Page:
Is the law good? How can it be improved? These questions are frequently addressed, both in traditional doctrinal research and in interdisciplinary legal research. In this article, I elaborate a general argumentative framework for justifying evaluations and recommendations for legislative reform, and I identify the chains of argument for making evaluations and recommendations. This may help researchers to make their arguments explicit and transparent, and then to justify the choices made for each of the steps in the argument. This enables readers – as well as authors – to assess whether the argument’s conclusions are sound and convincing. A key problem in making these arguments concerns the choice of standards for evaluation. I suggest that they can be best understood in terms of the underlying values. In order to make all-things-considered evaluations and normative recommendations, interdisciplinary cooperation between doctrinal, socio-legal, and legal-philosophical researchers is necessary. Therefore, individual researchers will usually have to settle for pro tanto evaluations and recommendations.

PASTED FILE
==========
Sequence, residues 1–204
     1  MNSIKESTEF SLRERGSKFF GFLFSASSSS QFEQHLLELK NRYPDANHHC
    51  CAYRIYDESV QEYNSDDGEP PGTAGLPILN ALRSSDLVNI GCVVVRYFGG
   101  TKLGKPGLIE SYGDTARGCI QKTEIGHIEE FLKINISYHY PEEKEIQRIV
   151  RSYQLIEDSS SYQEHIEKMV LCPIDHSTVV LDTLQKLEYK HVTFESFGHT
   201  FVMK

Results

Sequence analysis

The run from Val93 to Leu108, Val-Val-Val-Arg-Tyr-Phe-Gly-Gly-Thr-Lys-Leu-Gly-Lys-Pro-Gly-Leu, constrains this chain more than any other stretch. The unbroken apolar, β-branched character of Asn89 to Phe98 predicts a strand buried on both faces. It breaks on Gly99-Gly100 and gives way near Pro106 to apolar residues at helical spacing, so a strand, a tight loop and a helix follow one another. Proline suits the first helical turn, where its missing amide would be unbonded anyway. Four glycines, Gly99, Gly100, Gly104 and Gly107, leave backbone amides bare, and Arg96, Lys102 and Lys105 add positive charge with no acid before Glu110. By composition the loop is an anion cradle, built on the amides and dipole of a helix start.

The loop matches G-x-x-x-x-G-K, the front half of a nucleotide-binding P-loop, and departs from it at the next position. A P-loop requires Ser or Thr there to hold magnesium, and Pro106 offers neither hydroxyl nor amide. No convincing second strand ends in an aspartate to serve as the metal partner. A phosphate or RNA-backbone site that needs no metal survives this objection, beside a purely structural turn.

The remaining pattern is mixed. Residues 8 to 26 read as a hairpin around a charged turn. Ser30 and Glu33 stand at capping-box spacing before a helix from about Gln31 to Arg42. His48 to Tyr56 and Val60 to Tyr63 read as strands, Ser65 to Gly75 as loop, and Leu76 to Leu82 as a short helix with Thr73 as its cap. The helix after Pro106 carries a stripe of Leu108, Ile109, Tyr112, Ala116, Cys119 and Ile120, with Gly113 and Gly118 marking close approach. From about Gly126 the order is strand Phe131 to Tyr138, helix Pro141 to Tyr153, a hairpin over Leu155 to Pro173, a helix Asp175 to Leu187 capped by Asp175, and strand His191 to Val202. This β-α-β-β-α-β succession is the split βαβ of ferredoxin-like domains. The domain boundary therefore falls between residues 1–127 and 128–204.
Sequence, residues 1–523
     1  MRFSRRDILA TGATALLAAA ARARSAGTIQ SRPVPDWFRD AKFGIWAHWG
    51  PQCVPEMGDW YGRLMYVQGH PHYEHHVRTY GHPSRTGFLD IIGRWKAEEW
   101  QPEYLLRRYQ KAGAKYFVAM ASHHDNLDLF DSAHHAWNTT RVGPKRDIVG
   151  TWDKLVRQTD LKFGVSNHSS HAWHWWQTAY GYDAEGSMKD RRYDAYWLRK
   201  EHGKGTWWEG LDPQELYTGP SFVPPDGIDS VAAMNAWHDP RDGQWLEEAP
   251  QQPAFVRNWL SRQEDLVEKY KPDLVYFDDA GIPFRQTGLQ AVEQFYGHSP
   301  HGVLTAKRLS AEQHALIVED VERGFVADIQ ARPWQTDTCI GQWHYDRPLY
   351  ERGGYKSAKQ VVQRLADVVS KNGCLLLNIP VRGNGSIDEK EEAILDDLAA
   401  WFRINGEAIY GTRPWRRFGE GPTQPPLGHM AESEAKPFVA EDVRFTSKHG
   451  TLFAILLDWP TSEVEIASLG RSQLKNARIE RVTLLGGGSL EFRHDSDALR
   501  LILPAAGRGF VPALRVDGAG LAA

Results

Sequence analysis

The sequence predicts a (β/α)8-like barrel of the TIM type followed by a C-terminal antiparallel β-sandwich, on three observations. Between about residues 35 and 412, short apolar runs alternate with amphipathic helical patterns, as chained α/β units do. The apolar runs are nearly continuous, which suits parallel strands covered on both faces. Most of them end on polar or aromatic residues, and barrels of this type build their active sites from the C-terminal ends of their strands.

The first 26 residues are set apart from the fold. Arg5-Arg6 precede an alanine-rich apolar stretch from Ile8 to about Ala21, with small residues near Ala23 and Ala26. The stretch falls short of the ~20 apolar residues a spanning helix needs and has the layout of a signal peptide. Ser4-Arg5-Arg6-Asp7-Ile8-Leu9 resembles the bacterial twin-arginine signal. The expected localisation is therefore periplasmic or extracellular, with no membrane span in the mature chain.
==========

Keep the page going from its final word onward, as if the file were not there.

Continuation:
van der Burg, Wibren, The Merits of Law: An Argumentative Framework for Evaluative Judgements and Normative Recommendations in Legal Research (August 17, 2017). Erasmus Working Paper Series on Jurisprudence and Socio-Legal Studies, No 17-01, August 17, 2017.